After five hours of non-stop hiking, we ran into one of the groups we'd met the day before. After a quick conversation, we started up again, but were perplexed by how they'd managed to get far enough to meet up with us again hiking in the opposite direction. On the AT, Nic and I can usually finish 20+ miles by 3 or 4 in the afternoon, and have done 30+ mile days before. We debated for a while whether or not they'd actually outhiked us or not (a sedan parked nearby was the same color as one parked near the Slate Run entrance point they'd started at) but were soon distracted with the prospect of hopping in my car and blasting the heat.
A bunch of fallen trees selectively covered in snow.
My buff was one of my favorite items of the trip as it kept my ears, cheeks, and whatever else I needed it to warm.
Nic trodding forward as we neared the car.
As we did the final two miles or so, the snow began picking up once again. Fortunately, the going was very easy and we soon found the 44 North and my Honda Fit in site once again. I started the car and turned on the heat before unloading my pack and taking off some layers. Once we were in, I took off my shoes, adjusted the heat to blow on my numb feet, and started off. It only took 20 minutes or so to feel my right foot, but for some reason I wouldn't be able to feel my left foot for another hour.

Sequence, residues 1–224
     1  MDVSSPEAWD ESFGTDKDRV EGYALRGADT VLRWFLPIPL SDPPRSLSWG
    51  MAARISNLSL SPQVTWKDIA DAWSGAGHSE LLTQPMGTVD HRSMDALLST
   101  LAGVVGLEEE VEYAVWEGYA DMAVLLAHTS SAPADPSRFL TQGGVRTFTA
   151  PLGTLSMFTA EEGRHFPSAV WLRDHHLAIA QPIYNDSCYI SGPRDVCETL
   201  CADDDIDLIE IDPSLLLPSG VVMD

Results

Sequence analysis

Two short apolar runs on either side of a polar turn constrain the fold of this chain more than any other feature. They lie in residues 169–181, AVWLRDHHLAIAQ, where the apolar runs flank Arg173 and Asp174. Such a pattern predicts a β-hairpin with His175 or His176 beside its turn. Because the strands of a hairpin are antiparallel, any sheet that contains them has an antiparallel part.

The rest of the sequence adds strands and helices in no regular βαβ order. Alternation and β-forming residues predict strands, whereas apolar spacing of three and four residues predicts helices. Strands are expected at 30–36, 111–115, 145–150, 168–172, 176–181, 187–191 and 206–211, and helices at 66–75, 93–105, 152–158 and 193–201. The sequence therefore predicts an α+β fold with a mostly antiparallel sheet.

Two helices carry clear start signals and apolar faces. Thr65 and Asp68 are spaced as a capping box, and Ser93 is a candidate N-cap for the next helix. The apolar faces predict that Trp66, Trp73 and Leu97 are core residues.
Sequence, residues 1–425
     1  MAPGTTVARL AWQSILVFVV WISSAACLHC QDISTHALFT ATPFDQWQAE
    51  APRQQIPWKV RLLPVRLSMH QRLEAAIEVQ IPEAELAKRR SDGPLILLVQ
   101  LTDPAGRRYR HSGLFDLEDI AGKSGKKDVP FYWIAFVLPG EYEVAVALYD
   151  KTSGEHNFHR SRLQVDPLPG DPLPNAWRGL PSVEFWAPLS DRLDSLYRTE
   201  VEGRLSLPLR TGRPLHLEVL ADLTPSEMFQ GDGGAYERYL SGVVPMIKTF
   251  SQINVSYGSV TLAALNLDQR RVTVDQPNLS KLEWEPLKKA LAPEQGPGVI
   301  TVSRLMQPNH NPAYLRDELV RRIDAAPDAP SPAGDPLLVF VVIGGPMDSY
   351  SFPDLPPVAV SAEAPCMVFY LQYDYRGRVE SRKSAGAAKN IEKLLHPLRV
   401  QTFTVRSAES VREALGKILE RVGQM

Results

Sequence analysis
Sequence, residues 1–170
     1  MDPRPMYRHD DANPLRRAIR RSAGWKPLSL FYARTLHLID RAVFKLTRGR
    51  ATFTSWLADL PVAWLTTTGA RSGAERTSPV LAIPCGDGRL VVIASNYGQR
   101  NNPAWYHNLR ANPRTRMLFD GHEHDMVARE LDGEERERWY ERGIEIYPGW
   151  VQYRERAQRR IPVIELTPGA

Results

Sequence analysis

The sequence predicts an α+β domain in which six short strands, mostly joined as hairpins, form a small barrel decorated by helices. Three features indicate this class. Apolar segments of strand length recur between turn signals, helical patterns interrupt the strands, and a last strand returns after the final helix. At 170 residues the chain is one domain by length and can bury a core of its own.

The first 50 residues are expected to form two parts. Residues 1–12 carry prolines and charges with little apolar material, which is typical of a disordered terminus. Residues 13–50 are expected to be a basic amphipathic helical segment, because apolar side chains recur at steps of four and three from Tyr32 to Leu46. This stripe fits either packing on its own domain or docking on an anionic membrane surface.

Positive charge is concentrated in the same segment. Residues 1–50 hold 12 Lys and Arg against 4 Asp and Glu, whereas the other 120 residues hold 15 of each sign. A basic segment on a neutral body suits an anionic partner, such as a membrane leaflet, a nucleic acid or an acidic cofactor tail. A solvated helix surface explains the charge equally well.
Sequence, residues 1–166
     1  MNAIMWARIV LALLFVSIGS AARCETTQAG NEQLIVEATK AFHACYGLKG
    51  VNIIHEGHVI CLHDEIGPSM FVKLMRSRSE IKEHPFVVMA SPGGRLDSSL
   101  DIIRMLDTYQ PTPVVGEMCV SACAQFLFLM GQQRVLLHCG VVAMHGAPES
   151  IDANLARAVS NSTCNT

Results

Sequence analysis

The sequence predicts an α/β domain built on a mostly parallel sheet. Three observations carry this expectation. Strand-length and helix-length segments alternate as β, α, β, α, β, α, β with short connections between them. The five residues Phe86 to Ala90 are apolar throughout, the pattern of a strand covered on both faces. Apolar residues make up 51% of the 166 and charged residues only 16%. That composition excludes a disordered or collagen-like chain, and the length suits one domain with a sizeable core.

On the 5-hour drive back we stopped at an REI to pick up another headlamp. I also snagged an REI Stratus Insulated pad that was on sale (after checking a bunch of review online) -- it was the same weight and packed down as small as the Nemo Astro, but had synthetic insulation and was rated to colder temps. Fortunately, I still have the Nemo Astro receipt and packaging, and will be returning it this weekend. It's not a bad pad, just not warm enough for my needs (or its advertised rating).
Overall, the trip was awesome. I had an amazing time and plan on doing the trail again, possibly in May when the trail will be warmer. I would highly recommend doing this trail; it's steeper and more difficult than the Pennsylvania/Maryland AT on average, but also has much more variety and is less traveled (don't worry, it's also marked very well with bright orange blazes).
Some notes on gear (I will post more in-depth review as I get some more use out of the items).